Experience championship golf in a Lowcountry setting at this former rice plantation that has been converted into a golf masterpiece. Now for presenting golfers with a stiff challenge in a beautiful setting, Caledonia is as prestigious a public course as you'll find in the Myrtle Beach area, and it continues to receive award after award each year for its layout, location, scenery and service. Centered on a lovely antebellum-styled clubhouse, the rolling course is flanked by pines and hardwood forests and natural water hazards of salt marshes and tidal creeks. Even the most accurate hitters have trouble with the strategically placed sand traps and bunkers.
Located inside pristine Huntington Beach State Park, this grand home of Archer and Anna Huntington was built in 1931 in the style of the same-named Spanish castle/Moorish fort. Self-guided tours of the grounds are available daily and free of charge with park admission. Stroll the brick-lined hallways and enjoy the beach view from the iron-rod hurricane windows. The interior of the castle features a courtyard filled with wildflowers and palmetto trees, creating a lovely place for weddings and special events. The beach is only a short walk through the sand dunes and sea oats so visitors can explore while taking a break from a day on the beach.
In 1718, King George II granted a barony (12,000 acres of land) here to John Lord Carteret, who remained the owner until 1730. Since then, the land has had various owners and uses, most recently the wealthy Wall Street magnate Baruch family, which preserved it for future generations. Today it's a 16,000-acre wildlife refuge used for college-level research. Visitors can take a guided tour of the Baruch estate and the former slave village and school house, a fascinating outing that appeals to both history and nature buffs. Located about 1 mile north of Georgetown and 35 miles south of Myrtle Beach, Hobcaw Barony is a great way to spend a day.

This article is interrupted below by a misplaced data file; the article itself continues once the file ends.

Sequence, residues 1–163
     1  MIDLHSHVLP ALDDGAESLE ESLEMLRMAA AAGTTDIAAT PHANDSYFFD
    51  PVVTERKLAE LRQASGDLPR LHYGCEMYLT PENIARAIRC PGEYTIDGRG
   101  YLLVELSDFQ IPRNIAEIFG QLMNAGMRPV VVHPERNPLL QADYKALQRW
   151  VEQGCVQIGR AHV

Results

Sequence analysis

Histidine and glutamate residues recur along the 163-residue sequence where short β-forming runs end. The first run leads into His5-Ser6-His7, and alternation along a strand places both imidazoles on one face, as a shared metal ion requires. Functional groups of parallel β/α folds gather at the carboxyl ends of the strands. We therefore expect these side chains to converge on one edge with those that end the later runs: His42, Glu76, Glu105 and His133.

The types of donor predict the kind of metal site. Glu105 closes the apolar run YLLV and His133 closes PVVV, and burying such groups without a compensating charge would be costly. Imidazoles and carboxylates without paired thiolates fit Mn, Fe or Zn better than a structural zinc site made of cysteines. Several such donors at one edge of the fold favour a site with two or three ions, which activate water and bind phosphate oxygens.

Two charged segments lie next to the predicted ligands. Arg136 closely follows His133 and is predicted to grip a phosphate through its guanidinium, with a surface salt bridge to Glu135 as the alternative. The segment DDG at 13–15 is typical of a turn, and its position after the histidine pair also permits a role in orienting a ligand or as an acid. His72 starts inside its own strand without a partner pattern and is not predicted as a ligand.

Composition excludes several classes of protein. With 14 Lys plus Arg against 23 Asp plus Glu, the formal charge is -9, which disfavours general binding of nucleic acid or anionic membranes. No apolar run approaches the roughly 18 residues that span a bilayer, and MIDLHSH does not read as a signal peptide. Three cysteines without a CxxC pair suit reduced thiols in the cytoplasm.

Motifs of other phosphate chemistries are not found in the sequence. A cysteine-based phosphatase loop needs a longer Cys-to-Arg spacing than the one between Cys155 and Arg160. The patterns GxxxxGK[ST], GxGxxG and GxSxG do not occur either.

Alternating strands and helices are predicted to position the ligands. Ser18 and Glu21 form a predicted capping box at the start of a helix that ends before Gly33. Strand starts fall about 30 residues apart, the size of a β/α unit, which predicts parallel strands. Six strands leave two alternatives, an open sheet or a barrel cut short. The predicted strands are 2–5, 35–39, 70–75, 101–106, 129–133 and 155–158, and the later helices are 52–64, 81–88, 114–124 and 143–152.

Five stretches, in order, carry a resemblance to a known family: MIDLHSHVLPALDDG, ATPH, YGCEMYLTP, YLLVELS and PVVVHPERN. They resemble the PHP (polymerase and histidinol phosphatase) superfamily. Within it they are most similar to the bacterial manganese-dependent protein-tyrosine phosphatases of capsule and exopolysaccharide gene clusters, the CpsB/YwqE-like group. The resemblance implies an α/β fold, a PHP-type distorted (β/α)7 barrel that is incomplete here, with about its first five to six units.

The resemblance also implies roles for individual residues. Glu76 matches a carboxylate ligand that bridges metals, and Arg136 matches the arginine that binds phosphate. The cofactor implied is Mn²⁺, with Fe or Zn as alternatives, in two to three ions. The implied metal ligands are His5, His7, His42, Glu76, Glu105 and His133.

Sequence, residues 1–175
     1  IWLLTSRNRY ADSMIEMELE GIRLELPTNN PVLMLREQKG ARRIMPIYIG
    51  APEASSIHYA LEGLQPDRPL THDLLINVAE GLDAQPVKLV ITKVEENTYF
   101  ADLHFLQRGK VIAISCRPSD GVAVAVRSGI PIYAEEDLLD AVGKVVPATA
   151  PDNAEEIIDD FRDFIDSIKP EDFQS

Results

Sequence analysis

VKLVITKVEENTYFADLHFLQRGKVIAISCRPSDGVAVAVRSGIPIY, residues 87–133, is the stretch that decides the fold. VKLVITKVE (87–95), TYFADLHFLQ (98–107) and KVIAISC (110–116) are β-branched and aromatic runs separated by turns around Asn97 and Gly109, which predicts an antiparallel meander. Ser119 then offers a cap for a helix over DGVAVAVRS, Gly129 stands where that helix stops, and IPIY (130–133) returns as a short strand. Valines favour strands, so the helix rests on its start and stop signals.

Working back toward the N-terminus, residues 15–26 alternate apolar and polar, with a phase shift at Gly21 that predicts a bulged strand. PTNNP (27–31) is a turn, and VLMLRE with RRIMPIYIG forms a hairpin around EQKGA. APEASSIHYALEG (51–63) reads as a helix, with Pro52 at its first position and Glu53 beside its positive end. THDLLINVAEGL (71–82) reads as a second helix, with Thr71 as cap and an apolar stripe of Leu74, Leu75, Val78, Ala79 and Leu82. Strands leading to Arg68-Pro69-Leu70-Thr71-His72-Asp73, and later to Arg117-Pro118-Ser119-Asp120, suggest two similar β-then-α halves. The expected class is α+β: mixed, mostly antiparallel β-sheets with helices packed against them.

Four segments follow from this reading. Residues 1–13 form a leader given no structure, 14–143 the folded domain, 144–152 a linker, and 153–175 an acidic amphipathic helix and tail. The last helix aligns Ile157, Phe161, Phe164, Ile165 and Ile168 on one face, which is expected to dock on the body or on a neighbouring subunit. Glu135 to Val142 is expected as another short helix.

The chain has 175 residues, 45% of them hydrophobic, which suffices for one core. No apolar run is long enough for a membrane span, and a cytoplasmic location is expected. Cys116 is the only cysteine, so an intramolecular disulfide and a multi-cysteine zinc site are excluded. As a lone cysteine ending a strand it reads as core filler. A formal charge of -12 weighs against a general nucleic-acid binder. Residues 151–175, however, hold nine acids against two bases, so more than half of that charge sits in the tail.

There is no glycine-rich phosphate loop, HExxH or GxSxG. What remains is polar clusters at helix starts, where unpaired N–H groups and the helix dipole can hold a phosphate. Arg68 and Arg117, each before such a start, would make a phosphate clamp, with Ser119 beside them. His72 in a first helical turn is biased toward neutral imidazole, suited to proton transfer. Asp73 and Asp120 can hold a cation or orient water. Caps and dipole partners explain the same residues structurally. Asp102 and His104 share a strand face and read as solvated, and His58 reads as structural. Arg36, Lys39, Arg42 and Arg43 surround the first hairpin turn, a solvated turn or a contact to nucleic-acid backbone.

This multi-purpose complex offers the best in entertainment, dining and shopping in one scenic location on the Intracoastal Waterway in North Myrtle Beach. The House of Blues, Alabama Theater and Alligator Adventure are among the fun stops along the way through the maze of unique restaurants and shops. Located across the Waterway from Barefoot Resort, Barefoot Landing is a great place to unwind after a day on the links. Visitors also can take a relaxing cruise down the Intracoastal Waterway aboard the Barefoot Princess, or take one of the haunted walking tours that introduce guests to some of the Grand Strand's scariest ghost legends.
Experience the thrill of flight high above the Atlantic Ocean with a parasailing adventure at Captain Dick's. Go solo or ride tandem with a friend as you are strapped into a safety harness that's attached to a parachute, which lifts you off the back of the boat and into the sky for a wonderful thrill and view. Boat rentals, jet ski and wave runner rentals, saltwater marsh exploring adventures, cruisin' the beach trips, dolphin sightseeing cruises, pirate adventure voyages, marina and bottom fishing, gamefish trolling and charter fishing are also available. Prices, dates and times vary by the season, so call ahead for details.